Every year, students are increasingly over-scheduled and academically burned out. In order to combat this, the high school offers a unique program for juniors and seniors that gives students more agency over their work. The Evolutions program is an interdisciplinary program where students study art, English, science, and social studies through project-based learning.
Most students at the high school partake in multiple classes with different teachers and expectations. However, teachers in the Evolutions program work together to create an enriched and unique environment for their students to learn. A notable project includes “Design with a Why,” where students were tasked with bringing awareness to a social issue through fashion. Eventually, students partnered with New Balance to pitch their ideas for a new shoe line in support of their social issue of choice.
“The skies the limit when it comes to students and empowering them to pursue their learning. We [Evolutions teachers] have a dual mission of inspiring students to do that and learn some new skills and apply them in a new way,” said English teacher Mr. William Henes.
In the Evolutions program, students are encouraged and guided through a different approach than how they might have “done school” in the past.
“Sophmore year was the first year where I started to feel like everything we were learning was just for the test. It was feeling increasingly repetitive, and I felt like I wasn’t learning much anymore. [I joined Evolutions because] I wanted an opportunity to gain a new set of skills,” said Skye Jacobs ’24.
Evolutions students learn through projects, with many of the assignments catered to individual students. Twice a year, students create projects based on their own interests.
“They have to develop a topic and a research plan. ‘Do I want to do a photo gallery, do I want to stand up and do a ted talk, do I want to create a big installation?’ [Students] have to think about how they can show their learning the best,” said Henes.
Project-based learning encourages students to think critically and gain ownership over their learning. Students learn essential skills like creativity and innovation, and are able to find their work more engaging and meaningful. Students are also able to explore their interests and create products of which they are proud.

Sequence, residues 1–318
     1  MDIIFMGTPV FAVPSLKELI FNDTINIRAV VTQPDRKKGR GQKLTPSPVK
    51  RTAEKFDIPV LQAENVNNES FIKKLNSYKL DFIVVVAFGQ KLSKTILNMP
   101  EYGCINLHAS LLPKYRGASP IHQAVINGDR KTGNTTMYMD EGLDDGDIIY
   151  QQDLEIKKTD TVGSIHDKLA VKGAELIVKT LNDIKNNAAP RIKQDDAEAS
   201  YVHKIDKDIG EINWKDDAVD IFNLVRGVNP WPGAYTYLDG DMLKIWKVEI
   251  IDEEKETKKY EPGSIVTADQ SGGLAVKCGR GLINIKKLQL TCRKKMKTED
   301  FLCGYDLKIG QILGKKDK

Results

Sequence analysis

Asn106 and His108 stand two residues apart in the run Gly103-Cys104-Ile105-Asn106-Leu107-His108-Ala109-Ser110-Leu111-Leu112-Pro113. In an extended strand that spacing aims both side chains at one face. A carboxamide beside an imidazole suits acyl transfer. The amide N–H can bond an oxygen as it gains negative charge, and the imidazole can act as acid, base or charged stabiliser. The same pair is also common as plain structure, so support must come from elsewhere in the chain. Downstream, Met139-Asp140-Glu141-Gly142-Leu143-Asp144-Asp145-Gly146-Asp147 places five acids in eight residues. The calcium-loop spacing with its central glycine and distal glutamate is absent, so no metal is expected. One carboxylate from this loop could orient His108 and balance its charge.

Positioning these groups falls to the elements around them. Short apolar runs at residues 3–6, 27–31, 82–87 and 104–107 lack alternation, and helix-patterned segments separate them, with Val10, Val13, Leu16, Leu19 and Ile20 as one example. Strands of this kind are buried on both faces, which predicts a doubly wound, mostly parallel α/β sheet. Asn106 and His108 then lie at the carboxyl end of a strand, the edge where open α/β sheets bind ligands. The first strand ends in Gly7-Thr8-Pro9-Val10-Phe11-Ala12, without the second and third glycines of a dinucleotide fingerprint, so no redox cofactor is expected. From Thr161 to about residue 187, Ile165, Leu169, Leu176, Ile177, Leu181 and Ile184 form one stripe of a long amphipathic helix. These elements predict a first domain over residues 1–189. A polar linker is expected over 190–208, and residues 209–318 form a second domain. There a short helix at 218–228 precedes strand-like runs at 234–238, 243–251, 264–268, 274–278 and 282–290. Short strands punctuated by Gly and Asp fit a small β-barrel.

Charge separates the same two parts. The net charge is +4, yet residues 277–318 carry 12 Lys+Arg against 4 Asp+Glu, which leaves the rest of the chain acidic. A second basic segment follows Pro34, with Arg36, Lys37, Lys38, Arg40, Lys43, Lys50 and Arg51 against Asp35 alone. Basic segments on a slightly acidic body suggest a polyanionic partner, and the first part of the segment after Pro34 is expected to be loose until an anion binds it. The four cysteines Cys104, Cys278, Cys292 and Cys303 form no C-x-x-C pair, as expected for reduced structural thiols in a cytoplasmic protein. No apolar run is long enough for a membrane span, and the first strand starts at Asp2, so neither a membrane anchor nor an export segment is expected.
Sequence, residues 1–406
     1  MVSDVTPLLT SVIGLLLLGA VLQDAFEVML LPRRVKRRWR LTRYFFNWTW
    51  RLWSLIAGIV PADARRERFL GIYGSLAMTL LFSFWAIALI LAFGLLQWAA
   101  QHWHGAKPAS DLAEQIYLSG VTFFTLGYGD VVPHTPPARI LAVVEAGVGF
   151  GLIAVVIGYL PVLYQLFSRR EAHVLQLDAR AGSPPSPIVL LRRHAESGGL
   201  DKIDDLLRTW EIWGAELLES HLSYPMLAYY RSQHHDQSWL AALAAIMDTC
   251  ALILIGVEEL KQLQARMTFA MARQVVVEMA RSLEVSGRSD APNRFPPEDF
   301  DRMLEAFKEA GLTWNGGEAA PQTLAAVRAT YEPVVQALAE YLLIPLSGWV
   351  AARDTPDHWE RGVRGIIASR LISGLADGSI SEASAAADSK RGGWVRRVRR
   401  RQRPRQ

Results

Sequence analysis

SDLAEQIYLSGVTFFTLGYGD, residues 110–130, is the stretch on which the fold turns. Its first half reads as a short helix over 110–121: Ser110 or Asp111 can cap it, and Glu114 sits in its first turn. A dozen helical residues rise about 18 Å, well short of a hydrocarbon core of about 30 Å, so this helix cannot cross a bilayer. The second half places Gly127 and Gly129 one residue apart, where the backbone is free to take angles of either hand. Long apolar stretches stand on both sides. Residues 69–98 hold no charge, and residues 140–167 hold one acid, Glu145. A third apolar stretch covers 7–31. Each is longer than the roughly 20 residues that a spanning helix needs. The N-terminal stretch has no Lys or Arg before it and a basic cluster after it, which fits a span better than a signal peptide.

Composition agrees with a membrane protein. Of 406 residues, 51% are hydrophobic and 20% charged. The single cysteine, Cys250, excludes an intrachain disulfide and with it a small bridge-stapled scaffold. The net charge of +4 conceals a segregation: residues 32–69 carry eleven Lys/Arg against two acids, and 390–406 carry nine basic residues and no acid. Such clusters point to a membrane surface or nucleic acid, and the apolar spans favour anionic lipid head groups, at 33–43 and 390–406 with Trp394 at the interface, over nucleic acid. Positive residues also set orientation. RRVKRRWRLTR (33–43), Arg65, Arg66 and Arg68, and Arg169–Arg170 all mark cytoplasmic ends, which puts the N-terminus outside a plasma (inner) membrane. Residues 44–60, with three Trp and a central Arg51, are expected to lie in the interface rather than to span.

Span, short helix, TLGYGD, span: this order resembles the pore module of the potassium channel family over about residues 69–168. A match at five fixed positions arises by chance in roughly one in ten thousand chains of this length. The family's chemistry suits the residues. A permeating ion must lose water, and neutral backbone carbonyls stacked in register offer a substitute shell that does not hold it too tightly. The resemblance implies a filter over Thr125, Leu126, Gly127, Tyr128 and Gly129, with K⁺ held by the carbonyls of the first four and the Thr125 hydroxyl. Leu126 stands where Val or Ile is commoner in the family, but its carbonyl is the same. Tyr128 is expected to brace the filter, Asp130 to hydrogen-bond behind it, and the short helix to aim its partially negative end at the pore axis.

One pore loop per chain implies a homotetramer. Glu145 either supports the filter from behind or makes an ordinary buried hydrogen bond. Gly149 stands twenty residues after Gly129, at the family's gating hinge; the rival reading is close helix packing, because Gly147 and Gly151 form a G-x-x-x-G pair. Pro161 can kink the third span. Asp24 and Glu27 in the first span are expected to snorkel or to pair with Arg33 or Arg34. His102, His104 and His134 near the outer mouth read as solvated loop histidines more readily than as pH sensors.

“I’ve never really super-applied myself into [traditional] school…With Evolutions, especially recently with my milestone project and community joy, I’ve really loved the work I’ve been doing. I really put my all into it, and I’m definitely seeing the results. I’m a lot happier during school. I just feel better when I’m doing schoolwork,” said Oliver Kilgore ’24.
In 2021, 42 percent of students felt persistently sad or hopeless, according to Mental Health | DASH | CDC. Henes, Principal, Jamie Chisum, and a number of teachers reflected on the growing trend of adolescents’ poor mental health.
“We had a lot of kids in Wellesley high who would say to me that school was not meaningful to them…Kids would say things like, ‘I just want to survive high school,’” said Chisum.
The Evolutions program began at the high school in 2013 with the hopes of creating a program that allowed the individuality of each student to shine through.
“We were looking at the mental health crisis, but also students that were really disengaged with their learning. We had to say if we’re a school with means, and we really believe in empowering students, how do we create a place where students can explore that, and they can do that more?” said Henes.
Henes, Ms. Emily Giddings, Mr. Craig Brown, Mr. Laurence Lovett, and Mr. Brian Corey took the brave task of teaching the first Evolutions students: Generation One. Henes has taught in the Evolutions program for eight years.
“It was much more open-ended [when Evolutions was first created], and that was good in some effect,giving students a lot of freedom and choice. Over the years, we started bringing in more real-world concepts…So we got a lot more structured, which opened up students to really be creative. They knew a method to go about that creativity,” said Henes.
This year, Henes, social studies teacher Ms. Crystal Bartels, art teacher Mr. Brian Corey, and science teacher Ms. Mindy Hoge worked together to create the Evolutions Generation Eight program.
“What I thought good grades were and what defined a good student was, was dependent on teachers for validation. Now I have a lot more confidence in my own ability to enter a space and contribute meaningful things,” said Jacobs.
The Evolutions program spends four blocks every school day together. This has allowed a close bond to grow between the students.
“Especially with community joy [the most recent project], everyone went out of their comfort zone and performed up on stage with a bunch of people. We’ve definitely grown a lot closer as a program, and it’s just a good community in general. It gives you more of a social outreach,” said Kilgore.
In Evolutions, most assignments emphasize skills like collaboration, problem-solving, creativity, and more.
“It’s a really hard class, it’s just hard in a different way,” said Chisum.
For students interested in adventuring through a challenging but rewarding new way of learning, think about joining the Evolutions program. No prerequisites are required, and students receive honors credit for the course in their GPA. For more information, look at the Evolutions website – Project-based Learning | WHS Evolutions | United States or email firstname.lastname@example.org.